Grain bin safety update

Michele Gran has advocated for more safety features in and around grain bins this legislative session after her 18-year-old son, Landon, died in August inside a grain bin two miles south of his home in Norseland. 

Area lawmakers say there’s still hope for farm safety legislation this session spurred by a spate of grain storage-related deaths over the past year.

The bill would expand a tractor rollover bar fund into a general farm safety program, where farmers could voluntarily purchase grain bin safety harnesses, auger cages and other types of safety equipment.

Area legislators made the bill a priority this session as they look to stem an extraordinary increase in grain storage accidents in Minnesota.

“The farm safety bill still has legs,” said Rep. Jeff Brand, DFL-St. Peter. “It’s still moving in both the House and Senate.”

At least 10 people have died in grain storage-related accidents since July. That’s far above the annual average of grain storage-related deaths, according to Purdue University’s Agricultural Safety and Health Program.

An annual report shows shows 61 incidents that took place inside grain storage or transport facilities in the U.S. in 2018. Of those, 30 involved workers entrapped in grain, while 11 were equipment-related. The report shows 27 out of those 61 incidents were fatal, on par with the average yearly number of these kinds of deaths in the U.S.

One of the people killed was Landon Gran, an 18-year-old St. Peter High School student who was trapped inside a grain bin last August. His mother, Michele Gran, has since advocated for more farm safety mandates and testified in favor of the bill in front of lawmakers this year.

Brand authored the bill in the House while Sens. Nick Frentz, DFL-North Mankato, and Rich Draheim, R-Madison Lake, took up the measure in the Senate. House and Senate agricultural committees took up the bill earlier this year; it was expected to go before the full House and Senate last month before the coronavirus hit Minnesota.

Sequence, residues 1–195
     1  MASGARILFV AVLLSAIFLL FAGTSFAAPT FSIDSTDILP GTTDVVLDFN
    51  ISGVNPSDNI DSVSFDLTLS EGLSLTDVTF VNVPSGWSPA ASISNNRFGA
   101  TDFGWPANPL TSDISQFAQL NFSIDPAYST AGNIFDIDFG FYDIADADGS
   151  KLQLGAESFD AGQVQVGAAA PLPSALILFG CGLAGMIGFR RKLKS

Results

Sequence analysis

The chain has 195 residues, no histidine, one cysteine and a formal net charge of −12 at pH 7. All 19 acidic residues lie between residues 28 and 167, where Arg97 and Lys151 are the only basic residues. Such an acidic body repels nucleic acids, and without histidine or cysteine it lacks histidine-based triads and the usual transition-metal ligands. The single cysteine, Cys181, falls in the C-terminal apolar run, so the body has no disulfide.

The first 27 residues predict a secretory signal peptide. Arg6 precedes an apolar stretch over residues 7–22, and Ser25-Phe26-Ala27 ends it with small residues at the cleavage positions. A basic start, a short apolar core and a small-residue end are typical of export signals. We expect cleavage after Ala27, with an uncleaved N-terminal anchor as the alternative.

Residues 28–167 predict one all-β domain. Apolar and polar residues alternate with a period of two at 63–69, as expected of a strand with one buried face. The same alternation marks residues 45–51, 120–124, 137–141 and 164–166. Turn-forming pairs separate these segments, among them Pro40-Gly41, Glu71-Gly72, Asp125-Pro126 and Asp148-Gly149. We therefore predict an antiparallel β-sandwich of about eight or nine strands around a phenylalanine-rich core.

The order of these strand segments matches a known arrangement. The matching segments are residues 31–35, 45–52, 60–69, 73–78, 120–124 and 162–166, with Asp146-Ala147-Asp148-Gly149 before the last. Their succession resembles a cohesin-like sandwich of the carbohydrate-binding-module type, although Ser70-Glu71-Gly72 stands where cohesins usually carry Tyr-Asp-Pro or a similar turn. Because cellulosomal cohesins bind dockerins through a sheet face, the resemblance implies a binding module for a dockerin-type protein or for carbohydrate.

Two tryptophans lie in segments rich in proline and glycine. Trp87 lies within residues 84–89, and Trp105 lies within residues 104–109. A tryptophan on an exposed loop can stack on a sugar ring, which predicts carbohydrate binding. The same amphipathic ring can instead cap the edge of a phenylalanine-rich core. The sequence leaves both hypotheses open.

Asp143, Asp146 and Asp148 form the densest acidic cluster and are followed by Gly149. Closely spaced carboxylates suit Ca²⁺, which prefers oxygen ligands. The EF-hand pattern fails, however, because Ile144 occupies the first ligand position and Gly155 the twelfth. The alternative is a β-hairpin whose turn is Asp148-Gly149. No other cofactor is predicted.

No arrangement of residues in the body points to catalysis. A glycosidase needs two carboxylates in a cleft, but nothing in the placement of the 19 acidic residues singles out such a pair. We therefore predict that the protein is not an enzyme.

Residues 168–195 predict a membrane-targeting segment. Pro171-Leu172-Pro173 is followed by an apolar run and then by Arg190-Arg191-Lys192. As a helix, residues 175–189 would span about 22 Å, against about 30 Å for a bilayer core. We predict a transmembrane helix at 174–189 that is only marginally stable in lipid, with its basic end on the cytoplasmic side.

Gov. Tim Walz is also behind the measure, which would allocate $250,000 a year toward safety equipment grants. Walz included farm safety funding in his revised supplemental budget recommendations to the Legislature in the wake of the COVID-19 pandemic.

Despite its bipartisan support, farm safety funding’s fate rests on whether lawmakers can agree to a budget bill outside of coronavirus-related legislation this session.

State officials estimate Minnesota will likely head into a budget deficit next year due to the virus. Lawmakers may drop farm safety funding and other measures they would normally prioritize to ensure the state can continue addressing COVID-19.

“It’s not clear yet,” Frentz said. “The consensus is we’re still going into deficit. Most of that is for COVID-19 projects, so it’s still uncertain whether we’ll be able to talk about farm safety.”

Draheim takes a more pessimistic view of the bill’s chances. He said it’s unlikely lawmakers will put money into farm safety when pork processing and meatpacking plants are closing, which could have drastic effects on Minnesota’s agricultural economy.

“I hate to say it, but I really don’t know,” Draheim said. “It’s hard for me to push for farm safety if we’re looking at that. It’ll unfortunately be pushed back, I’m afraid.”

Draheim expects lawmakers to put together help for pork producers across the state, in part to stem ongoing agricultural losses. Practically every facet of Minnesota agriculture has been hit by COVID-19.

, from pork producers euthanizing hogs to corn and soybean growers seeing less demand for biofuels.

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